Anti-labour Bill 66 quashed by Toronto

di Joe Volpe del 16 July 2019

TORONTO - Unless you were an interested party, say a unionized worker in the Skilled Trades sector, a general contractor or an Executive Member of one of several provincial or national trade Unions, you might not have followed the fate of Ontario’s Bill 66.

The Corriere would be one of those who had only a passing interest. Wrongly, I must admit. Thanks to Don Wall of the Daily Commercial News who reported on Bill 66 from when it was approved by a vote in the Legislature on April 3rd, we can fill in some the gaps.

Bill 66, titled the Restoring Ontario’s Competitiveness Act, rescinded the status of Toronto, Hamilton and a number of other municipalities and other governing bodies as construction employers under the Ontario Relations Act, as reported by Don Wall in the online industry publication on June 26.

Probably in response to aggressive lobbying by the affected workers and their Unions, the Government inserted a provision making it obligatory for the municipalities and bodies targeted to hold a vote (presumably post-consultation) confirming compliance or indicating that they would “opt out”, that is, they would continue to be construction employers under the Act.

Construction employers are bound to grant contracts in the Industrial, Commercial, Institutional sector (ICI) to general contractors employing unionized electricians, carpenters, plumbers, painters, glaziers, bricklayers, sheet metal workers, asbestos workers and ironworkers. The now former College of Trades was in part responsible for validating the certifications of tradespeople.

Bids were/are restricted to those who do not fit into this special unionized status. From one perspective, with Bill 66, the government was attempting to drive the bargaining process downward, produce cost savings for municipalities and open the bidding process, potentially to out of province and out of country construction companies.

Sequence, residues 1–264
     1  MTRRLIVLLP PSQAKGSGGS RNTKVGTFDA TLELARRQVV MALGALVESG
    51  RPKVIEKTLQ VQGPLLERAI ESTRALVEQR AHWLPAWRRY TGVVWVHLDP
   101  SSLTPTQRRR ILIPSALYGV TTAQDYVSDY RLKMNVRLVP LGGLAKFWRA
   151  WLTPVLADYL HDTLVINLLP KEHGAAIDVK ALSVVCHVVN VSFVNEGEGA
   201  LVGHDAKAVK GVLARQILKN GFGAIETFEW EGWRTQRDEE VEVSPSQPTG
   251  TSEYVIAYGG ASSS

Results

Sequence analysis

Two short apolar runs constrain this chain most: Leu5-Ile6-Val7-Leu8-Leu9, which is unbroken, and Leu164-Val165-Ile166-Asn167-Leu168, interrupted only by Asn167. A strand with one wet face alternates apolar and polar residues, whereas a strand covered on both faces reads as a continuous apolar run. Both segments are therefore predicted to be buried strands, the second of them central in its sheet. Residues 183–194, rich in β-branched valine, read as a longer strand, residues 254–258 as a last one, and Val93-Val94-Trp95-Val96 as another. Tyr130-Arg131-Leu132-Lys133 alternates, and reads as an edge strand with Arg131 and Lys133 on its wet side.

The affected cities in the GTHA, according to the Ontario Construction Secretariat (OCS*) – which in turn assembled figures reliant on Stats Canada figures – allocated $3.283150 billion on ICI in the last quarter of 2017 (October 2017 - January 2018) alone. These are updated annually. Those figures available for 2018, so far, reflect the trimester reports reflected in the graphic.

The City of Toronto is responsible for 77.2% of that total (the others: Barrie, Guelph, Kitchener- Waterloo-Cambridge, Hamilton, St. Catherine’s, Niagara, Oshawa) together make up the balance. Clearly Toronto’s vote was a big coup for the nine unions and their members. The city is now the only construction employer remaining among large public entities.

The membership of the nine unions will undoubtedly be happy that their special status has been preserved. One imagines that LIUNA which was accorded the opportunity to make the case for inclusion according to a so-called Toronto Arrangement (LIUNA can apply to be a part of that special group) put forward by Carpenters Local 27 must also be happy with the vote for now.

Don Wall also found discordant notes, understandably. The Merit Open Shop Contractors Association of Ontario, and the Progressive Contractors Association of Canada are two.

The Carpenters represent thousands of active and retired Italian- Canadians among its 25,000 work-force, provincially, is happy. Don Wall credits Local 27 for brokering the Toronto Arrangement. Their president, Mike Yorke, wrote the Corriere to explain their position. We reprint an edited version below in both Italian and English (in this site too).

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